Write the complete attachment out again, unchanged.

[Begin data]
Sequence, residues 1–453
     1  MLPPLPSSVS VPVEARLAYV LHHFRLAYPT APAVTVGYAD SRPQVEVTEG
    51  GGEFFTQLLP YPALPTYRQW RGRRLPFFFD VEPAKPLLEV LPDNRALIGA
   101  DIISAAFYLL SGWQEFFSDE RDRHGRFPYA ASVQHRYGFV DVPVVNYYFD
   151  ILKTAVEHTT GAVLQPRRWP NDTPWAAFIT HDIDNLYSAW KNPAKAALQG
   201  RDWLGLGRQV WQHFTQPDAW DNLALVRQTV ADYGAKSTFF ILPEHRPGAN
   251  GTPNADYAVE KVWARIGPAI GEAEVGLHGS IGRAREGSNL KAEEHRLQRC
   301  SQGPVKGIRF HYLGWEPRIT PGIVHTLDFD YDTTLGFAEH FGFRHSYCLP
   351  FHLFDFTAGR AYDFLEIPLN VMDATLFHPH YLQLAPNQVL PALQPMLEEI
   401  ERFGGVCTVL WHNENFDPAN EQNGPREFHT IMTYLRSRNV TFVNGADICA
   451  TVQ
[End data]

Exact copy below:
Sequence, residues 1–453
     1  MLPPLPSSVS VPVEARLAYV LHHFRLAYPT APAVTVGYAD SRPQVEVTEG
    51  GGEFFTQLLP YPALPTYRQW RGRRLPFFFD VEPAKPLLEV LPDNRALIGA
   101  DIISAAFYLL SGWQEFFSDE RDRHGRFPYA ASVQHRYGFV DVPVVNYYFD
   151  ILKTAVEHTT GAVLQPRRWP NDTPWAAFIT HDIDNLYSAW KNPAKAALQG
   201  RDWLGLGRQV WQHFTQPDAW DNLALVRQTV ADYGAKSTFF ILPEHRPGAN
   251  GTPNADYAVE KVWARIGPAI GEAEVGLHGS IGRAREGSNL KAEEHRLQRC
   301  SQGPVKGIRF HYLGWEPRIT PGIVHTLDFD YDTTLGFAEH FGFRHSYCLP
   351  FHLFDFTAGR AYDFLEIPLN VMDATLFHPH YLQLAPNQVL PALQPMLEEI
   401  ERFGGVCTVL WHNENFDPAN EQNGPREFHT IMTYLRSRNV TFVNGADICA
   451  TVQ